His name and fame are the birthright of every American citizen. In his youth and strength, his love and loyalty, he gave all that mortality can give. He needs no eulogy from me, or from any other man. He has written his own history and written it in red on his enemy's breast.

But when I think of his patience under adversity, of his courage under fire, and of his modesty in victory, I am filled with an emotion of admiration I cannot put into words. He belongs to history as furnishing one of the greatest examples of successful patriotism. He belongs to posterity as the instructor of future generations in the principles of liberty and freedom. He belongs to the present, to us, by his virtues and by his achievements.

In twenty campaigns, on a hundred battlefields, around a thousand campfires, I have witnessed that enduring fortitude, that patriotic self-abnegation, and that invincible determination which have carved his statue in the hearts of his people.

From one end of the world to the other, he has drained deep the chalice of courage. As I listened to those songs of the glee club, in memory's eye I could see those staggering columns of the First World War, bending under soggy packs on many a weary march, from dripping dusk to drizzling dawn, slogging ankle deep through mire of shell-pocked roads; to form grimly for the attack, blue-lipped, covered with sludge and mud, chilled by the wind and rain, driving home to their objective, and for many, to the judgment seat of God.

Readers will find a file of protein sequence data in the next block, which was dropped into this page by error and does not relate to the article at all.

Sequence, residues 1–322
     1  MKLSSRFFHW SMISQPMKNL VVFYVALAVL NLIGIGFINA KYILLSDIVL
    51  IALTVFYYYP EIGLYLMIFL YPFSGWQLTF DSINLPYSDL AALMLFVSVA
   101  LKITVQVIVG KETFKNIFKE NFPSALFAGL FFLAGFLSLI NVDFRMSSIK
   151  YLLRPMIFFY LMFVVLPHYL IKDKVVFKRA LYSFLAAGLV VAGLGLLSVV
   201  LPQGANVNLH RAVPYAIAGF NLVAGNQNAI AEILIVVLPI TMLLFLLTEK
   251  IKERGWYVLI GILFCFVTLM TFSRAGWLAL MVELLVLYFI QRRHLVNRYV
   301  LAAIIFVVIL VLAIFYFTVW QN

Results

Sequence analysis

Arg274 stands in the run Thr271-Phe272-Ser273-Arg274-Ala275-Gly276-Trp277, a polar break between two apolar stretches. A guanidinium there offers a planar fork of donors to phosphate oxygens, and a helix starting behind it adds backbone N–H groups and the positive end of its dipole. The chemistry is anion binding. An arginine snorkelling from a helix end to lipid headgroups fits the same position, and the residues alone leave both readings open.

I do not know the dignity of their birth, but I do know the glory of their death. They died unquestioning, uncomplaining, with faith in their hearts, and on their lips the hope that we would go on to victory. Always for them: Duty, Honor, Country. Always their blood, and sweat, and tears, as they saw the way and the light.

And twenty years after, on the other side of the globe, against the filth of dirty foxholes, the stench of ghostly trenches, the slime of dripping dugouts, those boiling suns of the relentless heat, those torrential rains of devastating storms, the loneliness and utter desolation of jungle trails, the bitterness of long separation of those they loved and cherished, the deadly pestilence of tropic disease, the horror of stricken areas of war.

Their resolute and determined defense, their swift and sure attack, their indomitable purpose, their complete and decisive victory - always victory, always through the bloody haze of their last reverberating shot, the vision of gaunt, ghastly men, reverently following your password of Duty, Honor, Country.

The code which those words perpetuate embraces the highest moral laws and will stand the test of any ethics or philosophies ever promulgated for the uplift of mankind. Its requirements are for the things that are right, and its restraints are from the things that are wrong. The soldier, above all other men, is required to practice the greatest act of religious training - sacrifice. In battle and in the face of danger and death, he discloses those divine attributes which his Maker gave when he created man in his own image. No physical courage and no brute instinct can take the place of the Divine help which alone can sustain him. However horrible the incidents of war may be, the soldier who is called upon to offer and to give his life for his country, is the noblest development of mankind.